Exploring the role of intra-nasal oxytocin on the partner preference effect in humans

Jean C J Liu*, Adam J. Guastella, Mark R. Dadds

*Corresponding author for this work

Research output: Contribution to journalArticlepeer-review

15 Citations (Scopus)


Previous studies with prairie voles suggest that the hormone oxytocin is crucial for bond formation - indicated when a partner preference is formed towards the target vole. In this study, we conduct the first empirical test of whether oxytocin likewise promotes partner preferences in humans. Seventy-six undergraduate students received either oxytocin or placebo before being introduced to a male and female persona (via pre-recorded videoclips). One day later, participants were assessed for a partner preference towards the personae: across three situations, participants were asked to choose as company one of the personae they had been introduced to, or an opposite- or same-gendered person they had not been introduced to before; participants were additionally offered a choice to have no company. We found evidence suggesting oxytocin increases preference for persons introduced under the influence of oxytocin; however, this was not targeted at persons of the opposite-gender, and was found in only one aspect of social interaction (finding out more information about the person, but not in choice of company to work with or for a date). Taken together, our findings suggest that oxytocin might not promote human bond formation in ways analogous to prairie voles - that is, by inducing a partner preference effect.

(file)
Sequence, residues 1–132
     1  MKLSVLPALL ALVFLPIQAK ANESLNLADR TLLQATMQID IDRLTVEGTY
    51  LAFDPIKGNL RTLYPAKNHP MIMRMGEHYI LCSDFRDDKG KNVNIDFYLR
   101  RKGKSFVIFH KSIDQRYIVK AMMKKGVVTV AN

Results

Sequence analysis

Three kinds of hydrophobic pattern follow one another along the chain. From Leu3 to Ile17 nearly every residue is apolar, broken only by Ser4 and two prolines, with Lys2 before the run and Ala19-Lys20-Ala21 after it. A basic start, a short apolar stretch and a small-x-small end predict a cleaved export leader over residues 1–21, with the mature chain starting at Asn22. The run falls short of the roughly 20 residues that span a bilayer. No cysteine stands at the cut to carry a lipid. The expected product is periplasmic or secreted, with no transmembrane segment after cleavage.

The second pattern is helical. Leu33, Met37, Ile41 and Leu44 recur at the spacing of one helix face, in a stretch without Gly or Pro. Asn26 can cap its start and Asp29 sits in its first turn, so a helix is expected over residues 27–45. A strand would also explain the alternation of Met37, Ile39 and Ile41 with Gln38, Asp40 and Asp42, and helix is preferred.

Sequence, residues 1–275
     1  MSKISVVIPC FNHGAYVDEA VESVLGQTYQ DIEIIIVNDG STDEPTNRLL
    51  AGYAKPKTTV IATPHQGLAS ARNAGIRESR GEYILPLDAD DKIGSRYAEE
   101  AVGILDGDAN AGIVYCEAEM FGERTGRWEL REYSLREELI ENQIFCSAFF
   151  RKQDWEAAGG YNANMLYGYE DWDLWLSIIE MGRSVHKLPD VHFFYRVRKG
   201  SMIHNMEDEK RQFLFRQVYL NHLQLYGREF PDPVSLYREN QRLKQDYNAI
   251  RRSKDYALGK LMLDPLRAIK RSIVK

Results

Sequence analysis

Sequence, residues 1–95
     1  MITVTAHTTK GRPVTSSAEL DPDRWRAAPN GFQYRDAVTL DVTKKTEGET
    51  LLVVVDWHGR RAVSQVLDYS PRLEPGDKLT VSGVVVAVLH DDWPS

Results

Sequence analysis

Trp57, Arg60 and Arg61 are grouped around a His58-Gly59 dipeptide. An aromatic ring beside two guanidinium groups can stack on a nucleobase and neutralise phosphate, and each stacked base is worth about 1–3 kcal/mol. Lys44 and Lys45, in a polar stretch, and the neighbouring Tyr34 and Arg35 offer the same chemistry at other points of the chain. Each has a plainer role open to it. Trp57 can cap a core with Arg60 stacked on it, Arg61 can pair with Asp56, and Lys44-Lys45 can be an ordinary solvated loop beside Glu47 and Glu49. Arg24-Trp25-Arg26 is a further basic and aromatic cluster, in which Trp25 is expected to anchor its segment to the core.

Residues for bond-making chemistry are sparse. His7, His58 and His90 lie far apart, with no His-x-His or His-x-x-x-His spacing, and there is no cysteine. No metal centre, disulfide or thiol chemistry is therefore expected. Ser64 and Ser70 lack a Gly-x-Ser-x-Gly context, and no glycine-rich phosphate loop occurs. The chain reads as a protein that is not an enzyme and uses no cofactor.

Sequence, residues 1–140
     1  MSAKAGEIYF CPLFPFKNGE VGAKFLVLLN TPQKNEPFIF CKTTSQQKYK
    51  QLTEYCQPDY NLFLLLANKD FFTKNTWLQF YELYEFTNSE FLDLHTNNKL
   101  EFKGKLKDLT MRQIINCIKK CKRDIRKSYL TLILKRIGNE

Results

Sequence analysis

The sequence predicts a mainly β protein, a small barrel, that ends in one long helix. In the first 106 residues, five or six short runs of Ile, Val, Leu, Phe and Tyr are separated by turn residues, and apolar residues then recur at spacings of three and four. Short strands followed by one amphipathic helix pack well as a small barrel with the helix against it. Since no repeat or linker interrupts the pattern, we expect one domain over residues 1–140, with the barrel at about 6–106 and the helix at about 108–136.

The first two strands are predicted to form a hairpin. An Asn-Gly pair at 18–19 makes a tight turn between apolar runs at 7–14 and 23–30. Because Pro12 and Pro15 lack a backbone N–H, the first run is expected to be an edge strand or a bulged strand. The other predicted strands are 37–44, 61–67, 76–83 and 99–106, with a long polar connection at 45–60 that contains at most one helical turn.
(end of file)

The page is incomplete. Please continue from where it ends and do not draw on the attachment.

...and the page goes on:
Original languageEnglish
Pages (from-to)587-591
Number of pages5
Issue number4
Publication statusPublished - Apr 2013
Externally publishedYes


  • Bond formation
  • Oxytocin
  • Peptide
  • Romantic relationships


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